3.2 Effects of oxidised LDL on DC viability

Based upon these observations, DC were washed in RPMI-1640 alone and then re-suspended in native and oxidised LDL that had previously been dialysed in RPMI-1640. These LDLs had been screened in a TBARS assay before dialysis to confirm the reproducibility of the preparations (Fig. 2a), and had also been shown to have similar surface charge for each type of LDL as indicated by their relative migration through an agarose gel (Fig. 2b). Five μM Cu2+ could catalyse the oxidation of native LDL to predefined states of mildly, moderate and highly oxidised as determined by the formation of conjugated dienes (data not shown). The LPS concentration of the LDL samples was examined using the limulus test and was always <10 ng/ml (data not shown).

Fig. 2

(a) Thiobarbituric acid reactive substances (TBARS) formation during the oxidation of LDL. Native LDL were freshly prepared and diluted to 100 μg protein/ml in a phosphate buffer, and a final concentration of 5 μM Cu2+ added. Samples were prevented from further oxidation by the addition of 100 μM EDTA at the time points corresponding to the predefined states of oxidation as outlined in the Methods. TBARS was then assayed by spectrophotometry as outlined in the Methods. Mean±S.E.M. of four independent experiments are shown. Statistical analysis is given relative to both native and minimally-oxidised LDL. *P<0.05; **P<0.01. (b) Agarose gel electrophoresis of LDL following oxidation. Native LDL were freshly prepared and diluted to 100 μg/ml protein in phosphate buffer and a final concentration of 5 μM Cu2+ added. Samples were prevented from further oxidation by the addition of 100 μM EDTA at the time points corresponding to the predefined states of oxidation as outlined in the Methods. Migration was measured and expressed relative to native LDL. Mean±S.E.M. of four independent experiments are shown. Statistical analysis is given relative to both native and minimally-oxidised LDL. *P<0.05; **P<0.01.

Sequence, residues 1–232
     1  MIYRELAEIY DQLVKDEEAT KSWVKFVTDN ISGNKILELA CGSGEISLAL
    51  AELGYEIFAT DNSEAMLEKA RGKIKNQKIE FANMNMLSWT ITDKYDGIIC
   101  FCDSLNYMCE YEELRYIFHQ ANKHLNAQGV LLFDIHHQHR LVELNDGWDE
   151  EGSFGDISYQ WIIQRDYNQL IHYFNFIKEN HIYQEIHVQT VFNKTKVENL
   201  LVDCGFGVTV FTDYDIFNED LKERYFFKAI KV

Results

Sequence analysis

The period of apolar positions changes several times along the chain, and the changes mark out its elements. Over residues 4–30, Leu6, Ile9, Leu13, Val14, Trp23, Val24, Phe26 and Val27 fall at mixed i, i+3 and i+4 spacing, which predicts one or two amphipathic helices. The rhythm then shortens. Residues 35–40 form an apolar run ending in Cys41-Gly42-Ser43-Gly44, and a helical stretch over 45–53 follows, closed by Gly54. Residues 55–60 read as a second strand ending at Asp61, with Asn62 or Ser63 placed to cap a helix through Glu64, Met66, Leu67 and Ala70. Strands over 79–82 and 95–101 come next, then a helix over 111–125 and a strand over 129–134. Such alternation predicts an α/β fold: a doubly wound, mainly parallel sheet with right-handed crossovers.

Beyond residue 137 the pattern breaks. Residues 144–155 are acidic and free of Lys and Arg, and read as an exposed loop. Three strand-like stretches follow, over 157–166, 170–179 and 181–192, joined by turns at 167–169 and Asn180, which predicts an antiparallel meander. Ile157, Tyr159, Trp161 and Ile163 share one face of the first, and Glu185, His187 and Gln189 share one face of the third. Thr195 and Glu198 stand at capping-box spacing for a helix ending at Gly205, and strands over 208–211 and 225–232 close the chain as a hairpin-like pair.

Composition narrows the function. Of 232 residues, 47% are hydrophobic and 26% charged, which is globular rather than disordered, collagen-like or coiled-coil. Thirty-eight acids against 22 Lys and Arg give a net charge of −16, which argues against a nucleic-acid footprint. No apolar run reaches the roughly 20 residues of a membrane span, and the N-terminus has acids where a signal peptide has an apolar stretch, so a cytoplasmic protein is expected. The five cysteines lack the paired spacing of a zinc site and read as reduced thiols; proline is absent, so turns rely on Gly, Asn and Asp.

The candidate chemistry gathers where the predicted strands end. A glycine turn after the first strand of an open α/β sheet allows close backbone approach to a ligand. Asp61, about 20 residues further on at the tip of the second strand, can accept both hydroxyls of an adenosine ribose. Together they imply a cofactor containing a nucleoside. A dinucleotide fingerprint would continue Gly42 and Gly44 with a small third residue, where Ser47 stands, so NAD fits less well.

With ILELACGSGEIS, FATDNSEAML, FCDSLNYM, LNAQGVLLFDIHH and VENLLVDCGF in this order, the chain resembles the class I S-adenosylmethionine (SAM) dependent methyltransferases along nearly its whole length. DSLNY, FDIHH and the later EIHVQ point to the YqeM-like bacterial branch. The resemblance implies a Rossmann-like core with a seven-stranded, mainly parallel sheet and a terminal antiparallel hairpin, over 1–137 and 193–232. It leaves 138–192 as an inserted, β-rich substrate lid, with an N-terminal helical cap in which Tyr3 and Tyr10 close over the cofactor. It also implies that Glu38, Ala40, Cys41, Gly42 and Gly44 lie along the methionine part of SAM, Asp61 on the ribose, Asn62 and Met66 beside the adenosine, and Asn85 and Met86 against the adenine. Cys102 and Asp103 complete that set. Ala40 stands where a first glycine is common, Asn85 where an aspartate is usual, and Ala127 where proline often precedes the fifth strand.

The effects of LDL on DC viability are shown in Fig. 3, as judged by the ability of DC to reduce MTT. The baseline MTT reduction was not affected by the absence of serum. The effects of native LDL and highly-oxidised LDL were different. The effects of highly-oxidised LDL on the ability of DC to reduce MTT were unexpected, as 10 μg protein/ml of highly-oxidised LDL increased the ability of DC to reduce MTT significantly, whilst this increase was not observed at 100 μg/ml of highly-oxidised LDL. This contrasted with the findings where conventional parameters, such as Trypan blue exclusion, were used to quantify the number of cells present. An increase in MTT activity in the presence of highly-oxidised LDL has been observed before in smooth muscle cells [16]. A possible explanation for this is that the increase in the reduction of MTT may be due to changes in vesicular trafficking, and oxidised LDL are known to interfere with these pathways [17]. Overall this implies that the ability of DC to reduce MTT is not a useful direct measure of cellular viability and function in the presence of oxidised LDL.

Fig. 3

Cell activity of DC following culture for 24 h in different media. DC were prepared according to the method of day 4 purification as detailed in the Methods. Following a total of 6 days in culture DC were washed twice in RPMI-1640 and resuspended at 5×105 DC/ml in the given media for 24 h. MTT was added for the final 4 h of the culture and activity was calculated as detailed in the Methods. All samples were run in triplicate. Mean±S.E.M. of six independent experiments are shown for each data point. Statistical analysis is given relative to RPMI-1640 alone. *P<0.05.

3.3 Effect of oxidised LDL on DC phenotype

The effects of LDL on DC cell surface phenotype were examined, compared with control medium alone, as judged by MFI. Fig. 4 shows that the DC from the 24-h serum-free conditions express typical DC profile as judged by HLA-DR, -DQ, CD40 and CD86 expression. CD1a levels were low and were increased in the presence of LPS (data not shown). LPS-treated DC showed a significant increase in all four markers. Native LDL (10 μg protein/ml) had no effect on expression of HLA-DR and -DQ, and on representative known co-stimulatory molecules, such as CD40 and CD86, as has been reported previously. In contrast, highly-oxidised LDL (10 μg protein/ml) induced a relatively small but significant increase not only in CD86, but also in HLA-DR and CD40 MFI. CD1a were not affected significantly (data not shown). Thus oxidised LDL are capable of promoting DC phenotypic maturation, albeit to a lesser extent than LPS, to justify more detailed functional analysis.

Fig. 4